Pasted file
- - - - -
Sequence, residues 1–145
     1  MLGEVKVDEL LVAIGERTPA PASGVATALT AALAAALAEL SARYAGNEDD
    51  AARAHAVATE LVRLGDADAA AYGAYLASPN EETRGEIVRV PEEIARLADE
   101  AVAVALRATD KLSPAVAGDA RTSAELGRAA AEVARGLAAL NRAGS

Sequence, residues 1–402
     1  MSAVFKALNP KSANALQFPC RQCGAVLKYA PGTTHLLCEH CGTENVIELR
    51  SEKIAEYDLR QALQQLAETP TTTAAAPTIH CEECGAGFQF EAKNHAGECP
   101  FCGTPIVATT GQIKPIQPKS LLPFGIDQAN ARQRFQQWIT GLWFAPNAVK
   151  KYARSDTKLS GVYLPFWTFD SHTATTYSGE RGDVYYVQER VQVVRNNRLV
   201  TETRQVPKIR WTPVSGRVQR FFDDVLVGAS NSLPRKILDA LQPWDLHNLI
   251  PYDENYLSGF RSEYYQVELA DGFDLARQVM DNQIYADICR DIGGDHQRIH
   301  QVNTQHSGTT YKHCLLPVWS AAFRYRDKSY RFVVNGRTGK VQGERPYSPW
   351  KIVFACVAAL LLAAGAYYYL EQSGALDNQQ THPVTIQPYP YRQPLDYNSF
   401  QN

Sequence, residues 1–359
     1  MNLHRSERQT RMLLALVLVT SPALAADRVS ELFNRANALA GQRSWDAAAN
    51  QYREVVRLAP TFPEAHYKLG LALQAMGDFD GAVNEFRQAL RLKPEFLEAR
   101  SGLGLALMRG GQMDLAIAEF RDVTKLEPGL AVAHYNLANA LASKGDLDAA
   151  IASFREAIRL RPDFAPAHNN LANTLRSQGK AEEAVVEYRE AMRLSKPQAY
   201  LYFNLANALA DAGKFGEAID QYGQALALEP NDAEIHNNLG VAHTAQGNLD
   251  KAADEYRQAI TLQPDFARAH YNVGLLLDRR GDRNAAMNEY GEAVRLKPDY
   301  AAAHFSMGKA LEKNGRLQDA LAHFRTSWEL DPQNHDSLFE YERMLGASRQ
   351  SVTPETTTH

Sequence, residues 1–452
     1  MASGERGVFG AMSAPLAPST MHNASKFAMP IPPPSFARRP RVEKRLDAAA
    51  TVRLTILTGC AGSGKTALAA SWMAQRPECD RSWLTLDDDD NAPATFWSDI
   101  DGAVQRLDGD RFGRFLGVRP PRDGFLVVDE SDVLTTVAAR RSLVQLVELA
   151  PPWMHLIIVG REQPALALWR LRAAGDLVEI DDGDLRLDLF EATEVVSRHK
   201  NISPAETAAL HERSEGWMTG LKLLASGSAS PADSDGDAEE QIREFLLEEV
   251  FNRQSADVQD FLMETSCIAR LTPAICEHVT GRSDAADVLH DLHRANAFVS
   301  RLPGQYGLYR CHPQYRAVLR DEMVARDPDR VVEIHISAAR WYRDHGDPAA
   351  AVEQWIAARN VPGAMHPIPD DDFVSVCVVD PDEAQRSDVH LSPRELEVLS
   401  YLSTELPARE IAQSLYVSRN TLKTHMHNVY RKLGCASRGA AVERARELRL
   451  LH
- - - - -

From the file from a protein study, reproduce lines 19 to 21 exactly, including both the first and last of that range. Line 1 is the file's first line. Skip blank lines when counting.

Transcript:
   151  IASFREAIRL RPDFAPAHNN LANTLRSQGK AEEAVVEYRE AMRLSKPQAY
   201  LYFNLANALA DAGKFGEAID QYGQALALEP NDAEIHNNLG VAHTAQGNLD
   251  KAADEYRQAI TLQPDFARAH YNVGLLLDRR GDRNAAMNEY GEAVRLKPDY